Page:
New trustees, more teachers: Vancouver School Board heads into 2018

The Vancouver School Board started the school year without trustees, no official superintendent and a shortage of teachers.

'It’s a good time to be looking forwards in public education,' says chair of VSB

Vancouver School Board Chair Janet Fraser is hoping this term will go a little more smoothly than the last one. (Tristan Le Rudulier/CBC)

The Vancouver School Board started the school year without trustees, no official superintendent and a shortage of teachers.

Classes for the second half of the year started on Monday and VSB Chair Janet Fraser says she's hoping this term will go a little more smoothly than the last one.

"It's a good time to be looking forward in public education," Fraser said.

"We are back as an elected board. We are spending some time getting to learn about the district and we have a provincial government that I think is very sympathetic to public education."

The new VSB board was sworn in at the end of October, with school trustees from all different parties winning seats.

Three candidates were elected from the Green Party, three from Vision Vancouver, two from the Non-Partisan Association and one with OneCity.

The makeup of the board, with no party holding majority, is promising, Fraser told CBC Early Edition host Stephen Quinn.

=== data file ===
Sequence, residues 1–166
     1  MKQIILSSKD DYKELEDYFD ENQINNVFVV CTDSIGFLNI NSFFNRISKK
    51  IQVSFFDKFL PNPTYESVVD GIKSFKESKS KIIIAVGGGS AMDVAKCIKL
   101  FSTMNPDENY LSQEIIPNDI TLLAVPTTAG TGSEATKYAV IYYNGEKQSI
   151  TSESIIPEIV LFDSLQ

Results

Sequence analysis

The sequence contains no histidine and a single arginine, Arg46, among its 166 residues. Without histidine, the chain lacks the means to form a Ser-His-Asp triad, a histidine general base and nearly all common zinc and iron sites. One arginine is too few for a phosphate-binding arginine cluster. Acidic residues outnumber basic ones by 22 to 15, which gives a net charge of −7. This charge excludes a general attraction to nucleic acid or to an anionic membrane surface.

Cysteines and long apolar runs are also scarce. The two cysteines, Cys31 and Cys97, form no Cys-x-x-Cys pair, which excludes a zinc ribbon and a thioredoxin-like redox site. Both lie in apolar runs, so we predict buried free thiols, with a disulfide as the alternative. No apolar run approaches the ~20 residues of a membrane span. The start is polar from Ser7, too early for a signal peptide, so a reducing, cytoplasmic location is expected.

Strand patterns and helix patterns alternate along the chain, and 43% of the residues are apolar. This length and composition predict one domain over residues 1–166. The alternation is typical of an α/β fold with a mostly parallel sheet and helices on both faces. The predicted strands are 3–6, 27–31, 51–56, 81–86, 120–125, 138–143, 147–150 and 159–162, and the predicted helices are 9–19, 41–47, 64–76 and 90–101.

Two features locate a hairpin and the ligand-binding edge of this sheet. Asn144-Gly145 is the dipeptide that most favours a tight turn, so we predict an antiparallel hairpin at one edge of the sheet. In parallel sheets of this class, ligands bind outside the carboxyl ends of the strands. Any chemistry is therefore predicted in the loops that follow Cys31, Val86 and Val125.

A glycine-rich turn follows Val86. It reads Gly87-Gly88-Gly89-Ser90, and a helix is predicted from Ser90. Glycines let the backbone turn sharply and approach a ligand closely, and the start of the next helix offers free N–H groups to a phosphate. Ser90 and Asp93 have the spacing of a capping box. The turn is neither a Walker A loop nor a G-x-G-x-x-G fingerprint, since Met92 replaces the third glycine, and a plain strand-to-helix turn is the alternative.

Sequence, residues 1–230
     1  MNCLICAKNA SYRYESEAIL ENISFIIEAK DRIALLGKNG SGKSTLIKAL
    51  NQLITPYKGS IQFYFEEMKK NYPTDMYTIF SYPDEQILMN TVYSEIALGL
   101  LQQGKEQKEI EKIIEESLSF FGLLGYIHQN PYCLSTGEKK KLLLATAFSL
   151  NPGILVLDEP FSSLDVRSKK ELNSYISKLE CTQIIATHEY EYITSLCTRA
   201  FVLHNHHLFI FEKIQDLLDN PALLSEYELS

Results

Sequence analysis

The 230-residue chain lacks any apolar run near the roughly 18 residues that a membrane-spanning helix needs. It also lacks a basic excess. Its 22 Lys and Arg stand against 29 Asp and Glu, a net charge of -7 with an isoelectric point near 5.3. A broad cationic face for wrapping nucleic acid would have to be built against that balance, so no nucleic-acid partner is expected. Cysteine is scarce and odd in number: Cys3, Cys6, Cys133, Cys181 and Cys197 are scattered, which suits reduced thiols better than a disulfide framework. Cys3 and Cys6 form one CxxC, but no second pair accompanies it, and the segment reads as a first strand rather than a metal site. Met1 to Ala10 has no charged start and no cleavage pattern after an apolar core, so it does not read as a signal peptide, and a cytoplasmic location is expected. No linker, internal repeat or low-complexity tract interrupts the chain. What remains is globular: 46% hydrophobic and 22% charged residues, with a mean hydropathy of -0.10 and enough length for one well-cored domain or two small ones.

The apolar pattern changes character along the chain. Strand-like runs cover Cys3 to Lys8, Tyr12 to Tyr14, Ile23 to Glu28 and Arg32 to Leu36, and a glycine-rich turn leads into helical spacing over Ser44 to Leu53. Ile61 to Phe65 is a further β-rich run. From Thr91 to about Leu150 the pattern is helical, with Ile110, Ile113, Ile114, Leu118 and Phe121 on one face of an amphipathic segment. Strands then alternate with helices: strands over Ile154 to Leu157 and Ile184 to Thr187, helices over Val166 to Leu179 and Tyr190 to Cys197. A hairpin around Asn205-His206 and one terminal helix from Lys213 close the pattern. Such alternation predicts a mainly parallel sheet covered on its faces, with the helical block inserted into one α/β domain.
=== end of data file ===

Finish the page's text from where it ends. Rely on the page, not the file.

"We're already seeing a less partisan board," she said. "Everyone who has been elected by the people of Vancouver is there for the right reason."

Suzanne Hoffman, the new superintendent, started this week.

The Vancouver School Board started the school year without trustees, no official superintendent and a shortage of teachers. 6:27

Challenges of space, hiring

Most of the nearly 500 teachers needed at the beginning of the school year have been hired, although keeping all the positions filled is still a challenge, Fraser said.

"We get ongoing retirements and resignations and as we fill positions, more empty positions come up," she said.

In mid-December, about 50 teaching positions were open. 

Part of the issue is the high cost of living in Vancouver compared to other school districts.

A $1,500 moving allowance for teachers arriving from outside the province was implemented last year and Fraser said the provincial government is considering other ways to encourage teachers to work in Vancouver.

"I'm hoping that will come in the next few weeks so that we can take action on those areas," she said.

In the meantime, VSB is reviewing choice programs, such as the French immersion program, which is facing a teacher shortage and a lack of space for students.

"We can't offer a high quality sustainable program, if we don't have teachers who are well qualified in French to be able to teach," she said.

"We are looking at what we can offer and those numbers will be available as registration starts on the 15th [of January] for next year."

With files from The Early Edition.